Verod-Kepple Africa Ventures (VKAV) plans to back up to 21 growth-stage companies on the continent after raising its first fund of $60 million. The pan-African venture capital firm achieved this milestone after securing new support from Nigeria’s SCM Capital (formerly Sterling Capital Markets Limited) and the only non-Japanese investor. Other recent investors (limited partners) include Taiyo Holdings and C2C Global Education Japan.

The new capital infusion follows the fund’s first and second capital injections in 2022 and last year, respectively, from investors including SBI Holdings, Toyota Tsusho Co., Ltd., Sumitomo Mitsui Trust Bank, Japan International Development Agency and Japan Major Japanese institutions such as the ICT Fund.

Verod-Kepple is the latest African venture capital firm to secure capital amid an ongoing investment slump, allowing it to provide much-needed funding to Series A and Series B startups, although capital pools for local growth-stage companies remain limited.

“We have seen growth in pre-seed and seed funding over the past few years, but we believe there is not enough capital in the growth stage of investment to take these companies to the next level in terms of scale, exit or growth . and even become a sustainably profitable business,” VKAV partner Ory Okolloh told TechCrunch.

“Our focus is Series A and Series B, but we have the ability to advance to pre-Series A earlier if we think it is a good opportunity. We think there is still a need for local investors to provide more growth-stage capital,” she explain.

The venture capital firm was founded in 2022 by Okolloh, Ryosuke Yamawaki and Satoshi Shinada as a joint venture between private equity firm Verod Capital and Tokyo-based venture capital firm Kepple Africa.

The venture capital firm said the fund needed to collaborate in order to provide meaningful practical support to portfolio companies in their expansion stages, including bringing operational best practices, improving governance structures and navigating Africa’s complex macroeconomic environment. Verod-Kepple noted that as more startups move from pre-seed and seed stages into Series A and B and later stages, their transformation and success at scale will require a more institutionalized approach, proposing This view.

How to invest in VKAV

The VKAV Fund supports startups that are building infrastructure for the digital economy and solving inefficiencies experienced by businesses and market creators of emerging consumer groups. Okolo said their focus on the latter is to support companies targeting shifts in consumer trends.

The venture capital fund, which invests between $1 million and $3 million with the ability to follow through, has deployed $17.5 million, investing an average of $1.5 million in 12 companies from Nigeria, Egypt, Kenya, Morocco, Côte d’Ivoire and South Africa. Investment targets include financial technology, mobility, e-commerce, real estate technology, deep technology, insurance technology, energy and healthcare, including Uber-backed Moove Africa, climate technology scale-up KOKO Networks, Nigerian shared mobility startup Shuttlers, aerospace startup Cloudline, Moroccan B2B e-commerce and retail startup Chari, and insurtech mTek-Services.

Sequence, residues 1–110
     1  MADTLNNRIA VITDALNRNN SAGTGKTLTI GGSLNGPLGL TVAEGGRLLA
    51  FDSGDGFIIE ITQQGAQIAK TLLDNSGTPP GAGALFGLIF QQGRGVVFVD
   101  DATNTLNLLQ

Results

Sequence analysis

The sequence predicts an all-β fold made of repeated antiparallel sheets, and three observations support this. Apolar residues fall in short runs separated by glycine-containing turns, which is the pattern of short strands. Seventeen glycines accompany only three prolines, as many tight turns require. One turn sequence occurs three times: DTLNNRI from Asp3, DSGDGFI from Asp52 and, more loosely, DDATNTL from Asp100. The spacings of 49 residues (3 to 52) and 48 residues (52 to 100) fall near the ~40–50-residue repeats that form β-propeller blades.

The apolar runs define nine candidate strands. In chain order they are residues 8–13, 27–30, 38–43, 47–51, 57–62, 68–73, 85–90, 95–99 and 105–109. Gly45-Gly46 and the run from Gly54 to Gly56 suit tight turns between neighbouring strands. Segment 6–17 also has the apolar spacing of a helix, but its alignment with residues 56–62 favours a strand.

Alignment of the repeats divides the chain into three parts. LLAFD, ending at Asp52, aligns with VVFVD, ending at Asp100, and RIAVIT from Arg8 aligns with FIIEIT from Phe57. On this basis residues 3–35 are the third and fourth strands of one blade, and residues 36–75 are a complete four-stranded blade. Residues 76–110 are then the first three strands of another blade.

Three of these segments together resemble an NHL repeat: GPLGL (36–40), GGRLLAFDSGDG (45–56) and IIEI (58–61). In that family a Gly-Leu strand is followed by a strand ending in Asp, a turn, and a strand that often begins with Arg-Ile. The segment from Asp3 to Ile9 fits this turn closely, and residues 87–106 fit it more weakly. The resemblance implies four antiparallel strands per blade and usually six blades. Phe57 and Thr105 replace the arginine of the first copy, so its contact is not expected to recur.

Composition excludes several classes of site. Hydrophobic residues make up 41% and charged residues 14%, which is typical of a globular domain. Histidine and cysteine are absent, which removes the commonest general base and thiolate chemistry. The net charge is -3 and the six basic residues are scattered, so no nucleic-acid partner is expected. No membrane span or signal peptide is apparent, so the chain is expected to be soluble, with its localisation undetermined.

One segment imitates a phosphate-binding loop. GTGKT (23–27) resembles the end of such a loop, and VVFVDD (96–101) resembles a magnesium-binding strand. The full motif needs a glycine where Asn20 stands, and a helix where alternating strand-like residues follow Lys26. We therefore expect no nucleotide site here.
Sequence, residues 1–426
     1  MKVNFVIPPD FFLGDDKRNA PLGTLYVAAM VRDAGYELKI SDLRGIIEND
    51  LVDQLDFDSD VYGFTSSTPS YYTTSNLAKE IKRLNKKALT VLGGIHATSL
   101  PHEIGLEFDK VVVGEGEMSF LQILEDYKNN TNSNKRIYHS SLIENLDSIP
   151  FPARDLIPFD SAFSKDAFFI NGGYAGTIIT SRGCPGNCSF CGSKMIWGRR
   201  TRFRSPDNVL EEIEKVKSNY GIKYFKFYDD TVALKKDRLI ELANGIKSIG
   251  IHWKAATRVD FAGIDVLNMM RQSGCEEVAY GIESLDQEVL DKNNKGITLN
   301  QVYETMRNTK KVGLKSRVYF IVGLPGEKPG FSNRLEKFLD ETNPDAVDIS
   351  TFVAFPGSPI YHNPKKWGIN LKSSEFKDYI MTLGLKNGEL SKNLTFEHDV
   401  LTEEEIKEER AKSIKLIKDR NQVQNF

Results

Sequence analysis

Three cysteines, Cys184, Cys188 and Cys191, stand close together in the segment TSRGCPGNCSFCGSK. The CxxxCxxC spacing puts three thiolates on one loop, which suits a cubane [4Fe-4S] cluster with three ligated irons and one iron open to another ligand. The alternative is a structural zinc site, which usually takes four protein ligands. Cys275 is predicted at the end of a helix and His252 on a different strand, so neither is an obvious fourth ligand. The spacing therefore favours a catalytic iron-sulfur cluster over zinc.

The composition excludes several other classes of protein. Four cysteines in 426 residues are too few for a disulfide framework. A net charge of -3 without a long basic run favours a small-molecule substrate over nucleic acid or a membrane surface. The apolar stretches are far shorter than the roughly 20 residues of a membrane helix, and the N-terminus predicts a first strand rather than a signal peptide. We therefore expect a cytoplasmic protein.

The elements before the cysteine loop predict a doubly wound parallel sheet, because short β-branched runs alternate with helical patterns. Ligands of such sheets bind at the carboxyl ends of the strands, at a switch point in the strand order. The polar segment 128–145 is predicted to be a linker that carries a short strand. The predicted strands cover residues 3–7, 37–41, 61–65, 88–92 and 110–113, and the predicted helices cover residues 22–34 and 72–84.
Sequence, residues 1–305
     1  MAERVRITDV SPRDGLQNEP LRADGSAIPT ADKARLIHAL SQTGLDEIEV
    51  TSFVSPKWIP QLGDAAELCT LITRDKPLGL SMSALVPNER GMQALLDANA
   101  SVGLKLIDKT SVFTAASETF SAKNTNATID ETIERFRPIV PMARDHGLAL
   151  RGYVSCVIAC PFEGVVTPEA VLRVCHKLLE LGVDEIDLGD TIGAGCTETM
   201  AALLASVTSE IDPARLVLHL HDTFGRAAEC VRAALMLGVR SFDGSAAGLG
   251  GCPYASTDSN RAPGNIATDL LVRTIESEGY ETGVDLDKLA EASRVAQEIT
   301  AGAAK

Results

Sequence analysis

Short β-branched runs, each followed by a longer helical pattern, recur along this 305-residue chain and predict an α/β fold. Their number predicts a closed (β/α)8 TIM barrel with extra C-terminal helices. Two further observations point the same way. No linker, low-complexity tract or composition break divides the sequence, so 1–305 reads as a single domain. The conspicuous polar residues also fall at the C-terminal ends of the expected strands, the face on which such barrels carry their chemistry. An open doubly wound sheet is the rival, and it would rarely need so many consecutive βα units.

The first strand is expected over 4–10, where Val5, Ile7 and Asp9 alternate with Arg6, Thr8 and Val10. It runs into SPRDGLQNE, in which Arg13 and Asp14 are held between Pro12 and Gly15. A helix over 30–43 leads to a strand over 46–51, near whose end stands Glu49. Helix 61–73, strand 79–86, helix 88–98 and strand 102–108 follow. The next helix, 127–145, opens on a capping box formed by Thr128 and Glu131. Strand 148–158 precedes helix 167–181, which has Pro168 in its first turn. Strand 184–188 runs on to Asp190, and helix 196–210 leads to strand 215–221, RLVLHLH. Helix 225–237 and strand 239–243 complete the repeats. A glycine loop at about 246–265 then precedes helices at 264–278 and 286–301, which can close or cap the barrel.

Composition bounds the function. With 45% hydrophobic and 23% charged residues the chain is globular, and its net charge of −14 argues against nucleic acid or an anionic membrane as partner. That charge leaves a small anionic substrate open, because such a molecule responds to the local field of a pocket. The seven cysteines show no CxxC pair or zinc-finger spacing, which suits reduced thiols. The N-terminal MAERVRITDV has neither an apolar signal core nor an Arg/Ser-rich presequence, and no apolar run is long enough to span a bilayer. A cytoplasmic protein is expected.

While the fund is industry agnostic, it is looking at vertical ERP startups and those that offer embedded financial services and players in the future of work space. They are also “increasingly applying an AI lens to understand how a new generation of AI as infrastructure will transform the production and distribution of technology-enabled enterprises.”

Okolloh said the fund plans to continue to explore other ecosystems, including Angola, Zambia, Democratic Republic of Congo and Tunisia, through its team or partner investors, to identify new investment opportunities, particularly in underserved markets, and to continue its pan-African push business.

“We believe it is important to take a pan-African and industry-agnostic approach given the diversity of the market, macroeconomic changes and markets that are underserved by investors,” said Okolo, an executive at Omidyar Network and Google Africa.
“We’re definitely looking at diversity in the portfolio, not just in terms of gender and founders, but also in terms of industries and markets.”

The Verod-Kepple fund joins a growing number of African venture capital funds backed by Japanese institutional investors seeking to diversify risk. Recently, Novastar Ventures also secured capital commitments from MOL Group and SBI Holdings.

“As investors, the connection to Japan is important, and we hope to expand that to broader Asian connections in the future. I think immersing yourself in the stories and experiences, and working with investors and other partners from the market, allows you to It’s critical to be able to see the economy transform during our lifetime,” Okolloh said.

“I’m grateful for the opportunity to learn, collaborate, share and even connect with different parts of the world, making their experiences even more relatable. Most importantly, supporting exceptional founders in meaningful ways so they can thrive.”

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